What Does It Mean That Christians Will Be “Glorified”?

David Finkbeiner  and J. Brian Tucker
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We all love those times when we find ourselves pleasantly surprised by something that exceeds our expectations. Those times give us a glimpse of the Christian’s eternal future, for no matter what we might say about it, our final destiny will be beyond what we can imagine this side of heaven. Paul put it this way in 1 Corinthians 2:9: “No eye has seen, no ear has heard, and no mind has imagined what God has prepared for those who love him” (NLT). Still, even though we can only glimpse our future in a fragmentary way, reflecting on that future is well worth the effort.

The Christian’s final destiny in Christ is called glorification. This is the final stage in God’s work of salvation when the believer is fully sanctified, conformed to the image of Christ, and given an immortal, resurrected body like Christ’s glorified body. Scripture describes several elements of glorification. First of all, our bodies will be resurrected, and they will be transformed into a glorious body like Christ’s resurrected body that will endure forever (Rom. 8:22–25; Phil. 3:20–21; 1 Cor. 15; 2 Cor. 5:1–5). To those of us whose bodies are aged, weak, painful, disabled, or sickly, the thought of a body forever free from all such infirmities is unspeakably good news.

In addition to resurrection, at glorification we will be fully conformed to the image of Christ (Rom. 8:29–30; 1 John 3:2–3). This includes our resurrection, of course, but beyond that, it means that all vestiges of sin will be eliminated from our lives once and for all. No more struggles with besetting sins; no more falling to temptation; no more struggles with evil thoughts, wrong motives, and sinful attitudes; no more coming short of what God wants for us. In Christ, final deliverance from sin in all its forms and effects will be ours; our final sanctification will be realized. And because Christ is the true image of God and pattern for redeemed humanity (2 Cor. 4:4; Rom. 5–6), we will be completely restored to all that God intended human beings to be when He created us.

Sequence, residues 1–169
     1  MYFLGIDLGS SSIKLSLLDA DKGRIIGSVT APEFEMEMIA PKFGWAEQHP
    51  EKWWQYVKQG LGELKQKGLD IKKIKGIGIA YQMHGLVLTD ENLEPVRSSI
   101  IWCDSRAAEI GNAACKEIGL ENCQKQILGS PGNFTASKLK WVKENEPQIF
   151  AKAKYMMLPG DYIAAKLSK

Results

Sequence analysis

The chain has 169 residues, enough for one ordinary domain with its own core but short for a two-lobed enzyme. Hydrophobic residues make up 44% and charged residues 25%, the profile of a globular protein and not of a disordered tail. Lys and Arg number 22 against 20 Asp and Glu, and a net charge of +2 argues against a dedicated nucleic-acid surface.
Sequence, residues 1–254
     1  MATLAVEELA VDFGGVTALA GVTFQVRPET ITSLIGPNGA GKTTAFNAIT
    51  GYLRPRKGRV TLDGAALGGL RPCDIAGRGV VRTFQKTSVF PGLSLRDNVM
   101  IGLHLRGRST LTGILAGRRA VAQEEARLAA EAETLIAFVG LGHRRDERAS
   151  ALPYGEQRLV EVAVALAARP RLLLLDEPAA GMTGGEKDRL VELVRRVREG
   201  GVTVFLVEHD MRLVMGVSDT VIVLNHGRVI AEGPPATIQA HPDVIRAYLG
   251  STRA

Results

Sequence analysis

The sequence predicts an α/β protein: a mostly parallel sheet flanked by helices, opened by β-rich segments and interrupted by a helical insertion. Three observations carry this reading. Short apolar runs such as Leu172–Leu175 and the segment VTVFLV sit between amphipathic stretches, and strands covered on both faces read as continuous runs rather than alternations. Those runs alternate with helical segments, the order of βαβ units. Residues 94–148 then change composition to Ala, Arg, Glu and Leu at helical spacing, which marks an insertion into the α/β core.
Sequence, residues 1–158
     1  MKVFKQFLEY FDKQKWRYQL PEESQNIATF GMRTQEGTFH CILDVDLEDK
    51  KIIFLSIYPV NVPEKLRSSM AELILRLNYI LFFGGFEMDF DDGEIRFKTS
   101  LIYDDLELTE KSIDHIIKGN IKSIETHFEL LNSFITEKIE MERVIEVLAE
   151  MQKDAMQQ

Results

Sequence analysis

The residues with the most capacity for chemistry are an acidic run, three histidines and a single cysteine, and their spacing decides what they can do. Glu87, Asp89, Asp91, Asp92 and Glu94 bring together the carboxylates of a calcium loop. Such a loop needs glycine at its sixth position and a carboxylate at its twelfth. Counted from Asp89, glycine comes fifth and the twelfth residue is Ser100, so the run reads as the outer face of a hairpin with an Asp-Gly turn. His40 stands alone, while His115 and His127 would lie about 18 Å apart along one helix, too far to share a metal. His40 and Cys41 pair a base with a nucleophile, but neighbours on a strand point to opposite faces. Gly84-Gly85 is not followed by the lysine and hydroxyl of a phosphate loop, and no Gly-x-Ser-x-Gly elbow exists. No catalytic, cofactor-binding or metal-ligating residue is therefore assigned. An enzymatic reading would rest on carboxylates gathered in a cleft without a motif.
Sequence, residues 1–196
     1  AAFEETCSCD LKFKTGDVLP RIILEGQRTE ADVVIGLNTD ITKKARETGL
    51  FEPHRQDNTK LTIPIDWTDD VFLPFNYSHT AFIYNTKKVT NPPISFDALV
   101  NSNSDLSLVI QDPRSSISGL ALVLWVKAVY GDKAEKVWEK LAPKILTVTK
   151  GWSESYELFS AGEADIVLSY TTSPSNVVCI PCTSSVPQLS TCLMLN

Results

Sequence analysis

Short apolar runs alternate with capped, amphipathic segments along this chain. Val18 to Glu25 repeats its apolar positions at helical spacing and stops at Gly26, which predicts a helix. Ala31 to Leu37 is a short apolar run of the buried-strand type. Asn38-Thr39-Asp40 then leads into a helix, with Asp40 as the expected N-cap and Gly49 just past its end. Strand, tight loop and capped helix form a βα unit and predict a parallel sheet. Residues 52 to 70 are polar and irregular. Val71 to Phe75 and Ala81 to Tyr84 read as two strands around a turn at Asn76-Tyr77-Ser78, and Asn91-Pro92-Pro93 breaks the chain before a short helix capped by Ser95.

Believers’ glorification will also include full participation and fellowship with the perfected people of God. All God’s people, individually and corporately, will be perfected in holiness (Eph. 5:25–27; Rev. 19:6–8). Together as one we will worship the Lord (Rev. 7:9–10). We will enjoy full citizenship in the heavenly city with all God’s people (Phil. 3:20; Heb. 11:8–16; 13:14; Rev. 21:9–22; 22:5). We will together rejoice in the perfect realization of God’s eternal rule and will serve Him and reign with Him forever in the new heaven and earth (Rev. 7:15; 22:3–5).

Perhaps greatest of all, our glorification will include unhindered fellowship with the triune God (Rev. 21:1–4, 22–27). Spiritual death—that alienation and hostility to God introduced at the fall—will be forever reversed. The intimate fellowship with God enjoyed by our first parents will be restored, and more. This is the heart of eternal life (John 17:3). Our moments of joy in worship in the present are only pale glimpses of the bliss of unhindered fellowship with the living God. It is this for which we were made; it is this for which the human heart longs, whether it realizes it or not. David says of God that in His presence there is “fullness of joy” and “pleasures forevermore” (Ps. 16:11 ESV). When we are glorified, that joy will be ours, because God will be ours.

For Further Reading:

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